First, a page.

Partially Democratic? Wholly Pointless.

The following is a lightly edited version of an essay I published in the January 2009 edition of Unerzogen, a German unschooling magazine. I wonder, were I writing this today, whether I’d try to be less blunt and more diplomatic. Perhaps, though any strong argument is liable to be perceived as strident. Indeed, one of the central challenges of blogging is offering context and nuance in so limited a space: so if this piece brings up thoughts or a strong reaction for you, I hope you’ll add your voice to the comment thread below.

It may seem presumptuous, even harsh or dismissive, to say that partially democratizing schools is impossible. How can any effort to give students a greater voice in their education be a bad thing? The problem is, genuinely democratic education is not modular—it’s on or off, all or nothing. “Partially democratic” in this context makes about as much sense as “partially pregnant” or “partially dead.”

Conventional schooling emerged during the Industrial Revolution to promote not democracy but, on the contrary, a functional and tractable populace. John Taylor Gatto lays out ample evidence for this in his Underground History of American Education. John Holt adds in Freedom and Beyond that “universal compulsory schools are not and never were meant to be humane institutions” [author’s emphasis].

How can one realistically hope to democratize schools that are undemocratic at their very core? Sure, introducing a measure of democracy sounds nice; but the likelihood that it would lead to anything meaningful is remote. However lofty its rhetoric, no institution can permit reform to take it outside the confines of its historical and social mission. Such a move would constitute not reform but reconstruction, and institutional self-preservation will inevitably undermine it.

Yet cynicism alone can’t explain why partially democratizing schools is a misguided and doomed notion. Plenty of dedicated adults sincerely desire to empower students. Even a cursory analysis of the situation, however, makes it clear that good intentions and hard work simply aren’t enough.

As Holt points out, schools have acquired several competing purposes. While it is true that schools’ educative function is to help students grow, that goal is overwhelmed by less humane mandates. The custodial function of schools seeks not growth, but rather to keep kids out of the home, off the street, and away from the workplace. Schools’ sorting function assesses and channels students according to their aptitude for certain tasks. Indoctrinating children with the values of compliant citizens, workers and consumers, as well as promoting progressive social reform, rounds out the educational agenda.

No school could possibly reconcile all these disparate functions. Consequently, student-centered learning is crowded out, and the social mandates of standardized curricula, testing, and crowd control prevail. Restrained and/or conflicted, most education reform consists of sketchy compromises between flexibility and standardization, compromises which invariably lean toward the latter. Given this reality, how does partial democratization stand a chance?

Indeed, partial democracy in schools must fail because it is an empty concept—limited to pre-approved realms, subject to the whim of the educators who granted it. Well, I say that a freedom which can be readily revoked is no freedom, and democracy-in-a-box is not democracy. It is disingenuous, at best, to feed students scraps of democracy with one hand while holding back true power with the other.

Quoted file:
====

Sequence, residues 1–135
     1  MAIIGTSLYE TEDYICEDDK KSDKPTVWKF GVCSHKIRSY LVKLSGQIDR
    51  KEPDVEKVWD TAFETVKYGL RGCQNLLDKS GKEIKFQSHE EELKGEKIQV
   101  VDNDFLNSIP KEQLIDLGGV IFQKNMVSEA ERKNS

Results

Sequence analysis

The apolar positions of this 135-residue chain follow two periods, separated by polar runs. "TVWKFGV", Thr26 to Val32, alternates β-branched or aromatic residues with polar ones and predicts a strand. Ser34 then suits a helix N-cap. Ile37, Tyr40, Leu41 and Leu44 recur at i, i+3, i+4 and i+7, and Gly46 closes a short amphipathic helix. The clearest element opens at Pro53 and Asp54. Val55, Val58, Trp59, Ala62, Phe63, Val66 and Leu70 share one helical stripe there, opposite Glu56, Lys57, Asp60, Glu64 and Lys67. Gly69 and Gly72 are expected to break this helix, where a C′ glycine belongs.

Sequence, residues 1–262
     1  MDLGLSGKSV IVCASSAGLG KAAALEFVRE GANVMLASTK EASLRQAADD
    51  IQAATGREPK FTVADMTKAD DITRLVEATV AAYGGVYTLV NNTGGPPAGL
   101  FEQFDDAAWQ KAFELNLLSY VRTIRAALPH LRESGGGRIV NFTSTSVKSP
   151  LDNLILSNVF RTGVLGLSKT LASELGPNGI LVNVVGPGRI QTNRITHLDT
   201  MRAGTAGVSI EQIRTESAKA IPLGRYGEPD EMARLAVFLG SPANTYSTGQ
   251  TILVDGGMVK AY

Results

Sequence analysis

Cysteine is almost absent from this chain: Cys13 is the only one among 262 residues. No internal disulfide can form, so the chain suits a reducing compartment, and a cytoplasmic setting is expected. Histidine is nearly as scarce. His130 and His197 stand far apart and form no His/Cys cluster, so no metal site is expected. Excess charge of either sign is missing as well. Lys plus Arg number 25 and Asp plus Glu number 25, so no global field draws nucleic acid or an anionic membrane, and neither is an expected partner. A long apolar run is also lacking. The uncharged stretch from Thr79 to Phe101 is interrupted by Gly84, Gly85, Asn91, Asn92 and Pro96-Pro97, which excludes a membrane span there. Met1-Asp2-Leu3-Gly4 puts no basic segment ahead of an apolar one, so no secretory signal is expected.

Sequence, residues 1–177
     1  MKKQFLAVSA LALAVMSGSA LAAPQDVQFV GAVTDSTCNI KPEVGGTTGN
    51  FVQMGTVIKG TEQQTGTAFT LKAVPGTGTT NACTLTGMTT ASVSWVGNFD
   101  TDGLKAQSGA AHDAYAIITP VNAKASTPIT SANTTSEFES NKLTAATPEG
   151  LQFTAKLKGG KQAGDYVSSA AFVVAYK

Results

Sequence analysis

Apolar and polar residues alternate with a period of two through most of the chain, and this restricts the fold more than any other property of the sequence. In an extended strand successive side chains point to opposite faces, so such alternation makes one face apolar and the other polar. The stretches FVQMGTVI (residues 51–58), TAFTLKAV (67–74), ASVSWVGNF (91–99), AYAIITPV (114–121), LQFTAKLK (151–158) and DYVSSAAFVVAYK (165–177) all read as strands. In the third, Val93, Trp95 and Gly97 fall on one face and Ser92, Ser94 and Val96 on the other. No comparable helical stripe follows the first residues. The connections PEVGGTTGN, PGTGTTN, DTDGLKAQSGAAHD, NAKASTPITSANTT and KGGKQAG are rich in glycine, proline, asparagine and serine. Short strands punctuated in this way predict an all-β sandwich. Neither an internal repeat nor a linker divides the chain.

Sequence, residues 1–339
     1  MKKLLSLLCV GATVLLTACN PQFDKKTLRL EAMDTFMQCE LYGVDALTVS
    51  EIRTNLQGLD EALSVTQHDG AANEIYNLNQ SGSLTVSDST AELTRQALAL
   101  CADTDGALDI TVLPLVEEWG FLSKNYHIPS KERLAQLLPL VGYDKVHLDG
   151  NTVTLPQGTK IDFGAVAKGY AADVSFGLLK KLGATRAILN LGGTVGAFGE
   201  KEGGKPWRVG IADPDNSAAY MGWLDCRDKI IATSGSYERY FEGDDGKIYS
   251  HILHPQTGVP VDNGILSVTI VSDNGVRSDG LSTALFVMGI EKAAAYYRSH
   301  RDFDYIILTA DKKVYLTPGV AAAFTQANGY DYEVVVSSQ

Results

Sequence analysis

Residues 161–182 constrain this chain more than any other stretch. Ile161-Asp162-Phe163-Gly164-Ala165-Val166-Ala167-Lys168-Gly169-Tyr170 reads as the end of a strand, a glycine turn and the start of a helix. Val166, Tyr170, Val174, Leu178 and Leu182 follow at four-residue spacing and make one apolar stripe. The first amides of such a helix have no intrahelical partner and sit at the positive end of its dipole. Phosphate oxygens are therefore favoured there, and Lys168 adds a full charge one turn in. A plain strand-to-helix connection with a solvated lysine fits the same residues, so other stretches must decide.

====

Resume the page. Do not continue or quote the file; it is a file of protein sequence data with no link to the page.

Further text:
Besides, flexibility in accomplishing someone else’s agenda hardly compares to being a self-determined individual in a genuinely democratic community. Most students will see through shallow promises and superficial trappings. Even with such pseudo-democratic structures as student council or peer mediation, at some point the narrow, controlled boundaries—the absence of genuine democracy—will be revealed. The democratic experiment will end as it bumps up against narrow, playpen limits blocking substantive change.

Democracy is not a patch, nor is it icing or a paint job: one cannot take pieces of it and cover up an institution’s basic flaws. Democracy is, instead, a culture. One need only look to the former Eastern Bloc to see how difficult and protracted the process of democratization truly is. Here in the West, conventional schools remain our most obstinately antidemocratic institutions. It defies common sense to imagine that one can simply drop a few seeds onto such inhospitable ground and watch democracy spontaneously take root and blossom.

Granted, there are degrees of health, in systems as well as human beings. Yet people are either alive or dead, and schools are either democratic…or not.


1 Comment

Filed under Sudbury, Writing

One response to “Partially Democratic? Wholly Pointless.

  1. As someone who has introduced ‘some democracy’ into a number of state (public) schools in England I would support your ‘wellness’ analogy rather pregnancy or death. For example – crack obesity and you open the way to other health improvements. Crack authoritarian relationships and ‘behaviour management’ and you open the way to mutual respect and dialogue and that in turn opens the possibility for enhanced learning in a more self-directive and interest driven curriculum. Unless you regard Sudbury Valley as the only model that you will allow to be ‘democratic’ then others such as Summerhill will be reduced by you to be partially democratic and thus not democratic. When English ministers say to me ‘schools cannot be democracies’ I reply that some are more democratic than others and some are much more democratic than others and the outcomes are measurable.

    Derry Hannam

    BTW I have read Uki Maroshek’s book “There is no such thing as some democracy’ – and I disagree with her too!!

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